Tuesday, April 25, 2006


Peace, one and all...

Upon opening my Quran this morning, I saw the following verse:
'Whether you reveal anything or conceal it, indeed Allah has full knowledge of
all things'
(Surah al-Ahzab 33:54, A. Yusuf Ali trans.)

The idea behind this verse is an important part of Islamic doctrine. That is, the idea that God has complete knowledge of everything, both hidden and manifest, is an important one. God, within the Islamic Tradition, is omnisicent (all-knowing), as well as all-powerful (omnipotent).

Internally, as I read and reflect on this verse, it reminds me of several things. Firstly, Allah is aware of my faults, secret and open. Therefore, if He is aware of them, I should own up to them myself and ask for His forgiveness (and I do). Secondly, God is fully aware of the subtleties of human speech and action: there's no fooling Allah Ta'ala. Thirdly, God is aware of things within us, of which we are ourselves unaware. That is, our own knowledge is limited by ability and also intuition: we are not aware of all of the hidden motivations which drive us. God, by contrast, is - in a complete and perfect sense. He thus knows our secret motivations and intentions (which, I suppose, is why He alone can judge by them), better than we do ourselves.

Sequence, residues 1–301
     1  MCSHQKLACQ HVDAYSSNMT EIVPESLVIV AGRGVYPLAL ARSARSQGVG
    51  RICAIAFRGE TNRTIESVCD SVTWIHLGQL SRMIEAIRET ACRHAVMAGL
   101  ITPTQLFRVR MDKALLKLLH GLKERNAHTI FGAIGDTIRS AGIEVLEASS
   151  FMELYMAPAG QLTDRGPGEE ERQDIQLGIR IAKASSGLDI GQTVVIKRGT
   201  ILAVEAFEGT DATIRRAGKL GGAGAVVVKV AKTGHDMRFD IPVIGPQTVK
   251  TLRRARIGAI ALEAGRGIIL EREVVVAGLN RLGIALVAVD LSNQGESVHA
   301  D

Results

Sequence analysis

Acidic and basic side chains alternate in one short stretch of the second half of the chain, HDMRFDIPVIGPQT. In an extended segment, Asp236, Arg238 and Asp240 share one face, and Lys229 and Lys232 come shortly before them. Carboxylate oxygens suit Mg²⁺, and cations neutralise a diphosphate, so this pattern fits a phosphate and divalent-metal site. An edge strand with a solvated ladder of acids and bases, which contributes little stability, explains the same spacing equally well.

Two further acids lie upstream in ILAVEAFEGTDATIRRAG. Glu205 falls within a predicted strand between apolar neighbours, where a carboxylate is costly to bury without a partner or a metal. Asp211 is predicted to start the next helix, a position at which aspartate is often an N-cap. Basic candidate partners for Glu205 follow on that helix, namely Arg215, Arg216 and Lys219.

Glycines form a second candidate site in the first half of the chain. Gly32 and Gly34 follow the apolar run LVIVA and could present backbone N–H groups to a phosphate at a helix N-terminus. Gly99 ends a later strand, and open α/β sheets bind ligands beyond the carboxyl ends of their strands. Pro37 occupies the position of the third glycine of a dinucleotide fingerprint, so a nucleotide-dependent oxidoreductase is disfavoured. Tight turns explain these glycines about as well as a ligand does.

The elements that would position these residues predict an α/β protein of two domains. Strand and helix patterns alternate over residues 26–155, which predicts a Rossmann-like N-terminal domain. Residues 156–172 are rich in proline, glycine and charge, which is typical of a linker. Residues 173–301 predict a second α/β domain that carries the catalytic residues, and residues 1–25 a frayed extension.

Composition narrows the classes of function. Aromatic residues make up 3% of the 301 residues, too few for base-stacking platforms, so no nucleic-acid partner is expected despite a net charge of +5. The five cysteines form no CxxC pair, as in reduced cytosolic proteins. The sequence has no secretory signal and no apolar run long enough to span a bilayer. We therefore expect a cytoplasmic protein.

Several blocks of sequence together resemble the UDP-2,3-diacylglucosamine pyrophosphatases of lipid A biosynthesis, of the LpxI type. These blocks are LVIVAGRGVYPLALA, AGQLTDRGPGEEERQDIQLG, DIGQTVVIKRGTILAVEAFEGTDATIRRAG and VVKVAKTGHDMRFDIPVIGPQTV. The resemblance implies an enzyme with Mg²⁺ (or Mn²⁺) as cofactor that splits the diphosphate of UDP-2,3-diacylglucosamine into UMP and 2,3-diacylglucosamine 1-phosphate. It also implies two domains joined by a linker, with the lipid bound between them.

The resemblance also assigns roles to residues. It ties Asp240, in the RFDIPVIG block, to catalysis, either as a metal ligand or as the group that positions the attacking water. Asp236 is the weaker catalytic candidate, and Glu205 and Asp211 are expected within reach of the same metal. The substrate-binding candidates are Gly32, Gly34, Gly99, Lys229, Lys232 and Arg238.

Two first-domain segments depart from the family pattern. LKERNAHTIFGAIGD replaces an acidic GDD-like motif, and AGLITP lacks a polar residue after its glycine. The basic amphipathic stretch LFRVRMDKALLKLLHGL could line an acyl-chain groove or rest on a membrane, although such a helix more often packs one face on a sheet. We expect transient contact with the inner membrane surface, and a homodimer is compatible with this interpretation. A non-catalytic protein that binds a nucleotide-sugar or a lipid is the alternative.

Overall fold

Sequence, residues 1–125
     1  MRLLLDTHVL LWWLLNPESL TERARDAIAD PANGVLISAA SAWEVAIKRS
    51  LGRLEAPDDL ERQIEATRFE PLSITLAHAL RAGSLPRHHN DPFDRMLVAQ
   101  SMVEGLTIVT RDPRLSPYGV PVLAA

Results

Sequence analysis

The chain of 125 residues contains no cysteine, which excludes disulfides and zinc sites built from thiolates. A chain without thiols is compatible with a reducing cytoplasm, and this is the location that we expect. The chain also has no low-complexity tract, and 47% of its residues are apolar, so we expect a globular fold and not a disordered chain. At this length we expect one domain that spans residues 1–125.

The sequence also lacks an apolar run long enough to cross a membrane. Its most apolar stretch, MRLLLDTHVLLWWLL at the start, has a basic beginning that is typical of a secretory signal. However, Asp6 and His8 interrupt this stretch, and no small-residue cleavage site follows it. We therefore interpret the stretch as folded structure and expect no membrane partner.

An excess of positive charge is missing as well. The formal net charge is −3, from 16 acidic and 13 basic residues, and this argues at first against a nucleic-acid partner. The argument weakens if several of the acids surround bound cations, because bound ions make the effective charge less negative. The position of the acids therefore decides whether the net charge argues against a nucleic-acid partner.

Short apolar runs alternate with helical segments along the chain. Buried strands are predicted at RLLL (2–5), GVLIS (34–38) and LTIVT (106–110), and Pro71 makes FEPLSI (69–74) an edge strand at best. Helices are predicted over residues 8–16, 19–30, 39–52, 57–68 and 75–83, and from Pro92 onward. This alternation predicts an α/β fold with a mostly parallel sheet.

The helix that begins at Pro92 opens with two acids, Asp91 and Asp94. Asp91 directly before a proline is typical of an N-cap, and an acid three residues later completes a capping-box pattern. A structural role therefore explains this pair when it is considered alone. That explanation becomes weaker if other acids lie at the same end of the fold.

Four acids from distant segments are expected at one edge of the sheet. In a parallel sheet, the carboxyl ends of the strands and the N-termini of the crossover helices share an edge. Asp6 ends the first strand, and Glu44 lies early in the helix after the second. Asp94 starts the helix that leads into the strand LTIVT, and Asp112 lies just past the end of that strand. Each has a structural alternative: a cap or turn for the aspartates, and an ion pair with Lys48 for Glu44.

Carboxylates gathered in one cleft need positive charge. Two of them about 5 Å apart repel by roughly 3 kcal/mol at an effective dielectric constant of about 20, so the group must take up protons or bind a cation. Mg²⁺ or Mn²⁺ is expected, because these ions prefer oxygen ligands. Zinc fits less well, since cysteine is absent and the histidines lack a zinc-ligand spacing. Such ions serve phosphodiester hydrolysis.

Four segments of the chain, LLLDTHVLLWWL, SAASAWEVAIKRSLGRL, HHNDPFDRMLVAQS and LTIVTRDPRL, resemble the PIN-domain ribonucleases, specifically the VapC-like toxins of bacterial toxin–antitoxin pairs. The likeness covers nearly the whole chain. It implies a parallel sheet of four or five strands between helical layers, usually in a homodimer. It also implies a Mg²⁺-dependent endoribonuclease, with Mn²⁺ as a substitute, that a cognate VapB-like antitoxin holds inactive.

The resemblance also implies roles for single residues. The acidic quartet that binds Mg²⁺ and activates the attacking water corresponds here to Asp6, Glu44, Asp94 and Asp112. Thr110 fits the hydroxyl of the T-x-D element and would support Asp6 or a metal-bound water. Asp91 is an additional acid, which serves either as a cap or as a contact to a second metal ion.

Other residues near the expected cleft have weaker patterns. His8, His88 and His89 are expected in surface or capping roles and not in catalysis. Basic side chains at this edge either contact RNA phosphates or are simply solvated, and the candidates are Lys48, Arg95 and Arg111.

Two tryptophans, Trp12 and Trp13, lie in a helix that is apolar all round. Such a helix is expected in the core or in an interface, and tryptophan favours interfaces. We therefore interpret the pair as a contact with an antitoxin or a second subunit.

The Prophet (saw) is reported to have asked God to 'show me things as they truly are', which casts an interesting light on this discussion. In other words, the Prophet seems here to be asking to have clarity with regards to his intentions and understandings. Subhan Allah, a penetrating and insightful comment to say the least.

Furthermore, in understanding the import of this particular ayah, we also need to consider its wider context. This part of the Surah is referring to conduct with regards to the Prophet and so its important to consider this aspect. However, I'm not qualified to undertake such work; so I'll leave it here.

May God show us the truth as it really is and help us to follow it and may He show us falsehood as it truly is and give us the grace to avoid it.

wa akhiru da'wana an il hamdu lillahi rabbi al-alameen

Ma'as salama,

Abdur Rahman


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